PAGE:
x Abu Dhabi, UAEFriday 28 July 2017

Syrian Armenians: 'Our enemy's flag made us happy, but ashamed'

Many of the 6,000 Syrian Armenian refugees who have fled Syria for Armenia blame the conflict on 'a foreign conspiracy' and still express support for Bashar Al Assad.

A Syrian Armenian boy at a school in Yerevan. The Armenian Education Ministry has allowed Syrian Armenian students to follow a Syrian curriculum at a state school in Yerevan.
A Syrian Armenian boy at a school in Yerevan. The Armenian Education Ministry has allowed Syrian Armenian students to follow a Syrian curriculum at a state school in Yerevan.

YEREVAN // Hovig Asmaryan said he and his family were initially ashamed by their happiness when they finally caught sight of the Turkish flags flying on Syria's border with Turkey.

Syrian Armenians from Aleppo, they fled late in September in a nine-car convoy. For Mr Asmaryan and the others in the convoy, the flags signified they had escaped the nightmare their lives had become during the 20-month Syrian conflict.

But the sight also brought back memories of the what Armenians consider a genocide - the 1915 massacre of millions of Armenians by Ottoman Turks - that sent the previous generation fleeing for safety to Syria.

"I have grandfathers who were killed in that time. We looked to Turkey as an enemy who wanted to destroy us ... And suddenly I felt happy when I saw their flag," said Mr Asmaryan.

But Mr Asmaryan said he knew it was time to leave Syria, describing the violence and kidnappings in Aleppo "a gang fight". Through Turkey and then Georgia, they drove to Armenia, their homeland, seeking refuge.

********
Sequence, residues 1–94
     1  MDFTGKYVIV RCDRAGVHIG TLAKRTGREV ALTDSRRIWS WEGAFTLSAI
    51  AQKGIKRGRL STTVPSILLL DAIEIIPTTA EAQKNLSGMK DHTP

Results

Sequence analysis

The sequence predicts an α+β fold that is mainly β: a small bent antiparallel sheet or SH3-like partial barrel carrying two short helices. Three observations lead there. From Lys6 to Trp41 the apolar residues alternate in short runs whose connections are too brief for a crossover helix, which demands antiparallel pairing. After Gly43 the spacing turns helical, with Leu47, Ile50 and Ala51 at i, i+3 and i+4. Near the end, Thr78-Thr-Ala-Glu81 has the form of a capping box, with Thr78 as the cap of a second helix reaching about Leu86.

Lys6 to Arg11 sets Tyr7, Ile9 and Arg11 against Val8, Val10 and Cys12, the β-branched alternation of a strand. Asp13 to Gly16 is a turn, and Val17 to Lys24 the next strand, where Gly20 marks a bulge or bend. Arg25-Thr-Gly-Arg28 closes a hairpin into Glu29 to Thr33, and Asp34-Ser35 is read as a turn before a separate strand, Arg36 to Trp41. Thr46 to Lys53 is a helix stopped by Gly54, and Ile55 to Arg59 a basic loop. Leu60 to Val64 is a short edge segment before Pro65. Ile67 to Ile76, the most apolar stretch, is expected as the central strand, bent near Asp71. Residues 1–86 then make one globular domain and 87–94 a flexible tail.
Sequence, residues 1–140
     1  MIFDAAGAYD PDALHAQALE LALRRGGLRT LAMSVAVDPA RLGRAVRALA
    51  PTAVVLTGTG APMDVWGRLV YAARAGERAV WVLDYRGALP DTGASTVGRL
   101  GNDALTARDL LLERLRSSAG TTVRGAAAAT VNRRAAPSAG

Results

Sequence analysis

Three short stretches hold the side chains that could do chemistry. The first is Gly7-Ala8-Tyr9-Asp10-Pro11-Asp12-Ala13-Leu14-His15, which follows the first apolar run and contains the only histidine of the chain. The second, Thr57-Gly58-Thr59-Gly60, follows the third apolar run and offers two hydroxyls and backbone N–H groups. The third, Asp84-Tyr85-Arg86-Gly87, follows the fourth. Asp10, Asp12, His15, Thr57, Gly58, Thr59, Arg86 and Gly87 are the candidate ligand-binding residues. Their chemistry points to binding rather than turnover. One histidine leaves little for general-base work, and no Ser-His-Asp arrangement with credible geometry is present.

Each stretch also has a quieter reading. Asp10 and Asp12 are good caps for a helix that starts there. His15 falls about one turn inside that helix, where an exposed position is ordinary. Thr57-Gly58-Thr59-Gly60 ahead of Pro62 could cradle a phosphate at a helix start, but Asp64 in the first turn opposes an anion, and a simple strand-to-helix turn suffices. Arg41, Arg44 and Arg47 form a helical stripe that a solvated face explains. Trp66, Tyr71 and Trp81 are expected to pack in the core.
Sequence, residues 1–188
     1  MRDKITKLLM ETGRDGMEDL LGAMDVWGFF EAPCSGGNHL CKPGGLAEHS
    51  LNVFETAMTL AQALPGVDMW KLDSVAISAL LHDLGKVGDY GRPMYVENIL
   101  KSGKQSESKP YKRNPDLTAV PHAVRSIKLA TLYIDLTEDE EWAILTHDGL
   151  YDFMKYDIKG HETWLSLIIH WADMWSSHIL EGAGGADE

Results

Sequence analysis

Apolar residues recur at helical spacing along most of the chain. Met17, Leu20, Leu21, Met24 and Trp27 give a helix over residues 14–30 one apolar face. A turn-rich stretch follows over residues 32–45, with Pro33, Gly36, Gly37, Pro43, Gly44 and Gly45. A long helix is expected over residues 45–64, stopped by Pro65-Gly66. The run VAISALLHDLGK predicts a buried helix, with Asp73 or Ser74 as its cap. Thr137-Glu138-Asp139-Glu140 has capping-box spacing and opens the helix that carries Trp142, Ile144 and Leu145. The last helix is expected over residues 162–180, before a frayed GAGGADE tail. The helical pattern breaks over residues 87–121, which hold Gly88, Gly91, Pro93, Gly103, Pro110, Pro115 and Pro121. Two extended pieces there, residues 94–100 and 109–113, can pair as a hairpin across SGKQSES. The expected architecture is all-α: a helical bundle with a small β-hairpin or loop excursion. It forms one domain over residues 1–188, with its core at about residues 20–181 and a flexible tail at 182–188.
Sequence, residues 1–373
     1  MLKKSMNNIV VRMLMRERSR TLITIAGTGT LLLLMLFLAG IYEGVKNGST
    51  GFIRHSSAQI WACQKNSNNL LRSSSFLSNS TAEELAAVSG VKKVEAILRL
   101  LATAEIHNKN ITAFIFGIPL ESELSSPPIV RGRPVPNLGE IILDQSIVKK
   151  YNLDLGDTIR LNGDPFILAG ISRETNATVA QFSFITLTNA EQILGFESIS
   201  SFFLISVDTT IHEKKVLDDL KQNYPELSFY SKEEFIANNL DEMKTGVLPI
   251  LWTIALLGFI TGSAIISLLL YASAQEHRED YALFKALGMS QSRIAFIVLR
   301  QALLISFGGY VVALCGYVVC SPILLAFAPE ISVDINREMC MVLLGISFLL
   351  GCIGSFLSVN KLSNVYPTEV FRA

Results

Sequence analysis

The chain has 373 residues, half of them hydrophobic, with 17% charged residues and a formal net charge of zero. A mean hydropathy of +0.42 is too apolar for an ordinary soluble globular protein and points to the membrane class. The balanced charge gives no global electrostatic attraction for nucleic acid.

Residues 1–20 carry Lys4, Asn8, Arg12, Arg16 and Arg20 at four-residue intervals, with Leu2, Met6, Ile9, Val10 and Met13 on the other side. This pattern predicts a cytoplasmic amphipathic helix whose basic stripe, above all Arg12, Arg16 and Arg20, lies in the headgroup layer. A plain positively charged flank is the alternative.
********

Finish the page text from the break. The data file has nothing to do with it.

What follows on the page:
Hranush Hakobyan, the head of Armenia's diaspora ministry, said about 6,000 Syrian-Armenian refugees have arrived in Armenia since the start of the 20-month-long conflict.

The Armenian government has been offering them visas upon arrival, recognising their Syrian driver licences, and expediting passports as part of a dual citizenship law. A public school in Yerevan is offering classes where Syrian-Armenian children can follow the Syrian curriculum.

There are resources for little else. Ms Hakobyan said the Armenian government has only a small amount of emergency housing and that it is already full with local Armenians and also some people from Iraq and Syria.

"People need help with jobs and rent," she said. "This is a big problem for my country."

The United Nations estimates that hundreds of thousands mostly impoverished Sunni refugees have fled Syria for neighbouring countries. As many as 1.5 million are internally displaced.

Syria's approximately 85,000-100,000 Armenian population is largely middle class, living mainly in Aleppo. Many left behind businesses, properties and, in some cases, significant savings in Syria's banks.

International sanctions and Syria's Central Bank policies make it difficult for them to transfer their money out of the country.

"Even in the baby's Pampers (nappies)," Mr Asmaryan said of how his young child aided in efforts to get some of his savings out of Syria.